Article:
Michael E. DeBakey VA Medical Center - Houston, Texas
Houston VA Addiction Expert Receives AAAP Founders Award
December 13, 2007
HOUSTON – A lifetime of commitment and contributions to the field of addiction are the basis of the American Academy of Addiction Psychiatry’s Founders Award, which was presented this year to Thomas Kosten, M.D. at the organization’s meeting in Coronado, California.
Kosten is the senior advisor on Substance Abuse based in the Mental Health Care Line at the Michael E. DeBakey VA Medical Center (MEDVAMC). He is also the Jay H. Waggoner professor of psychiatry and behavioral sciences in the Menninger Department of Psychiatry at Baylor College of Medicine and research director of the Veteran Affairs National Substance Use Disorders Quality Enhancement Research Initiative.
In 2002 and 2003 according to the National Survey on Drug Use and Health, an estimated eight percent (approximately two million) of male veterans aged 18 or older were dependent on or abusing alcohol or illicit drugs. The study showed younger male veterans were more likely to have co-occurring serious mental illness and a substance use disorder than older male veterans.
The Substance Dependence Treatment Program (SDTP) at the MEDVAMC is a critical element in the facility’s comprehensive mental health treatment services. The SDTP is a six month, outpatient treatment program serving veterans struggling with alcohol and other drug dependence. Inpatient detox is available when medically necessary. Most veterans present with addiction to alcohol, crack cocaine, and/or marijuana; however, the MEDVAMC also offers a methadone program for patients with opiate dependence. Many veterans in this program are homeless, unemployed, and have psychiatric diagnoses in addition to substance use disorders. The SDTP works closely with the VA Healthcare for Homeless Veterans and the Vocational Rehabilitation Services programs.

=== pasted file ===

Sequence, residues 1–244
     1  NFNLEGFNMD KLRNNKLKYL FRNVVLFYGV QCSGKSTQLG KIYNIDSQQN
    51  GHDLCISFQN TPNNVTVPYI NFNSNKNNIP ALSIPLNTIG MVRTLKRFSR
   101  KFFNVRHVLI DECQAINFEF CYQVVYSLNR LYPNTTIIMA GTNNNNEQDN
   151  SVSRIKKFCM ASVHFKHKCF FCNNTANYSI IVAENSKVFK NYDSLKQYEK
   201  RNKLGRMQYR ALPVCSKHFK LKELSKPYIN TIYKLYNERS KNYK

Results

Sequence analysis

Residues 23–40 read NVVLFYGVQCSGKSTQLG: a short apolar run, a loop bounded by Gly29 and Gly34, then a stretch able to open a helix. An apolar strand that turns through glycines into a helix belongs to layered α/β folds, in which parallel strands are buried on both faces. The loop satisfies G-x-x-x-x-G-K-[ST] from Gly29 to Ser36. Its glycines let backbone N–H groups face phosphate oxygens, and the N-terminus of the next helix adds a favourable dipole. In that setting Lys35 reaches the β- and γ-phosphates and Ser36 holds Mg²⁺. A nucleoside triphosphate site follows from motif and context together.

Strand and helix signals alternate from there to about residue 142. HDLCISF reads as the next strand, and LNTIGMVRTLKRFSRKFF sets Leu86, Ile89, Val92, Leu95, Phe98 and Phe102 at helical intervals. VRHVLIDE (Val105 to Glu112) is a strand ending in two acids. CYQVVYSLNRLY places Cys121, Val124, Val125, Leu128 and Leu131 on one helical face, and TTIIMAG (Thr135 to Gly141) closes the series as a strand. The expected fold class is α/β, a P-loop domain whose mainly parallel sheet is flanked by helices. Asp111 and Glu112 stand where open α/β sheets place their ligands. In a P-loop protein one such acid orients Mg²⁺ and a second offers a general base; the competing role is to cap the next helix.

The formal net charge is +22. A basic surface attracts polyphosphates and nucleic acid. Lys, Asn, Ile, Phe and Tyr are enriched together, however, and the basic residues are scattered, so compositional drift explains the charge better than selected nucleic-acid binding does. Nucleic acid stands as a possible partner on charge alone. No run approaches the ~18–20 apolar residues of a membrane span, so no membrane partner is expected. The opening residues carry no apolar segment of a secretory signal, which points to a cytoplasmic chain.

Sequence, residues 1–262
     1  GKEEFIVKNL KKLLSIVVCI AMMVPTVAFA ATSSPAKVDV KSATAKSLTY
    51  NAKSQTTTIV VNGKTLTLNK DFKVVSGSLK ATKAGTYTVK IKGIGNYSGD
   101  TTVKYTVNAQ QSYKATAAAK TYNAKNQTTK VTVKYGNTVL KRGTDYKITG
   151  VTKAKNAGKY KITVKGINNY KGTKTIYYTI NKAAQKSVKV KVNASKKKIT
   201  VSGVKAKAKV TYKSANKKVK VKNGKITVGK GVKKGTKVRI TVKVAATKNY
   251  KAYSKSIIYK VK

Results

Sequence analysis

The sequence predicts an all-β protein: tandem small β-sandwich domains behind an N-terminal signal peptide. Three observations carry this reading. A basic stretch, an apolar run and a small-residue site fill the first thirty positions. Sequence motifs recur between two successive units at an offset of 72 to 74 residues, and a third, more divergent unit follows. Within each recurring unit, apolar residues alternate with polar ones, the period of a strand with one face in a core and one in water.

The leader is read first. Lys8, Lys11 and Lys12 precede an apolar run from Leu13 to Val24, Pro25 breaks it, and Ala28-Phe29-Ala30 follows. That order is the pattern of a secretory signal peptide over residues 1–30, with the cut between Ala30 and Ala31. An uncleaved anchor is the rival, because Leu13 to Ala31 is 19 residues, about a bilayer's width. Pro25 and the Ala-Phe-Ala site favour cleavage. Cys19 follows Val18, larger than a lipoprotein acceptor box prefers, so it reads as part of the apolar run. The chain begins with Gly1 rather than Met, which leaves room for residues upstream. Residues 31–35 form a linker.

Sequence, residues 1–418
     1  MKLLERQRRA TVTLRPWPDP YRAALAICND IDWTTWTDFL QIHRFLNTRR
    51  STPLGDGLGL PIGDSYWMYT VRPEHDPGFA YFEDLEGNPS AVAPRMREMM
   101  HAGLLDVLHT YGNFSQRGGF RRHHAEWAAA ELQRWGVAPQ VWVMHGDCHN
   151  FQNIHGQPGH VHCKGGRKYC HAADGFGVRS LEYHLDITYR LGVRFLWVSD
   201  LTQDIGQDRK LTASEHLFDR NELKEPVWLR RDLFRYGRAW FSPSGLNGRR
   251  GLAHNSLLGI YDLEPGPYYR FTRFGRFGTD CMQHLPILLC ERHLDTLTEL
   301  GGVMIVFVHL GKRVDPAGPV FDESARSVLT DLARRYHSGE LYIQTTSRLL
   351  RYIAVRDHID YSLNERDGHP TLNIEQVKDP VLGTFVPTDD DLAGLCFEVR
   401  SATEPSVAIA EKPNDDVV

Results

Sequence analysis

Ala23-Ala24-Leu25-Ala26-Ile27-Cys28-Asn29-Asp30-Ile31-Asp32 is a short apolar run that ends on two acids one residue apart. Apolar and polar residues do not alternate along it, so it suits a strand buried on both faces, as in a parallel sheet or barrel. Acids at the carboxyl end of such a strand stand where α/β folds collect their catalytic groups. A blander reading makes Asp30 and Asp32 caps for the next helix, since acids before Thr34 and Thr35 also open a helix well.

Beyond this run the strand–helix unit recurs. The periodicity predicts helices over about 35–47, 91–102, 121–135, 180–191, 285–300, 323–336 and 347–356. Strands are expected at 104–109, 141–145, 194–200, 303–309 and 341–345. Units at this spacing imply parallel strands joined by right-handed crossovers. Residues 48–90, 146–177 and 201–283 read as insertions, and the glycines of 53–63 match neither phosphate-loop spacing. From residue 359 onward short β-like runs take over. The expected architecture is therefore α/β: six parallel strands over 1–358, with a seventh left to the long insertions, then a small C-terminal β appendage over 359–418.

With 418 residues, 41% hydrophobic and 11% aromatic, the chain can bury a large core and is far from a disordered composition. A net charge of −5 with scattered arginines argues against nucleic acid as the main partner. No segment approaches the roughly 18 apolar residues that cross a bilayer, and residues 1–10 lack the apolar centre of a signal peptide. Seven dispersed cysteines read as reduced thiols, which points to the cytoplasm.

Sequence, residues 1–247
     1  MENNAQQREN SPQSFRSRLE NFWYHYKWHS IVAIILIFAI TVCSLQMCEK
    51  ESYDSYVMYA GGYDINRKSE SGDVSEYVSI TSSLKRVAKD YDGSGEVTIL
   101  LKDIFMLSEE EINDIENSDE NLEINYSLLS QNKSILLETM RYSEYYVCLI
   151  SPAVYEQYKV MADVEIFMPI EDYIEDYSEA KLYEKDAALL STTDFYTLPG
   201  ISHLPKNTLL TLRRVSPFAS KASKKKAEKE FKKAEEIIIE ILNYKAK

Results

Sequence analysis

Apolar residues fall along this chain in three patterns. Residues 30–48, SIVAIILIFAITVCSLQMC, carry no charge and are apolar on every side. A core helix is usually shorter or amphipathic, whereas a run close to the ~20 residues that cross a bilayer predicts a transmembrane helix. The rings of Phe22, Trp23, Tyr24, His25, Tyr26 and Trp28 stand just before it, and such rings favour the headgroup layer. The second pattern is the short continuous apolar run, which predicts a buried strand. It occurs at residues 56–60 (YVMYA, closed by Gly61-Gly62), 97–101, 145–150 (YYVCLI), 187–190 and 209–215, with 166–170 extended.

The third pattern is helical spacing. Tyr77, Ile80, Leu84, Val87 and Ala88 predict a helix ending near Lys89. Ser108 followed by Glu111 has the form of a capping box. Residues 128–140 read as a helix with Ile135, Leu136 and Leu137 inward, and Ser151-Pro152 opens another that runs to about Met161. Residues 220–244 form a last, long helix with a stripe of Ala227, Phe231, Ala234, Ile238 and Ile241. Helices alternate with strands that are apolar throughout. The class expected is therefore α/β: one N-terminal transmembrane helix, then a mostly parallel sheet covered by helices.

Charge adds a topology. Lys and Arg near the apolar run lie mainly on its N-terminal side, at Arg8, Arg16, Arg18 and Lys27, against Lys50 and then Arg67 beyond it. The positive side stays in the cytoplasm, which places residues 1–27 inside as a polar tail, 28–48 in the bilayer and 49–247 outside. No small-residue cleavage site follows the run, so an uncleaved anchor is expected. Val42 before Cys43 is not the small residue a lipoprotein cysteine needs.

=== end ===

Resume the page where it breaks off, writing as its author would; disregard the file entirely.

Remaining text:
For the past 30 years, Kosten’s work in discovering and developing medications to treat addiction have resulted in a series of vaccines and technologies that will have a lasting impact on the field of addiction.
“I am very pleased to have received this award which has in the past been given to several of my mentors in the field,” said Kosten, founding member and past president of AAAP from 1998 to 2000.
Kosten has several major awards for clinical research, is editor of two major Journals in substance abuse, and has been on the American Journal of Psychiatry Editorial Board. Recently, he served on the National Academy of Sciences, Institute of Medicine Committee on vaccines for substance abuse.
Kosten’s work primarily focuses on developing new medications for treating cocaine and opiate dependence. He has developed a cocaine vaccine, TA-CD, to treat the addiction, as well as disulfiram for cocaine abuse. Kosten also has worked to develop buprenorphine for opiate dependence, which has now overtaken marijuana as the most common drug abused by adolescents.
Using neuroimaging technology, Kosten has shown that 60 to 70 percent of cocaine abusers suffer from minor strokes, and that plavix, aspirin and ameloride, a diuretic, could treat these strokes.
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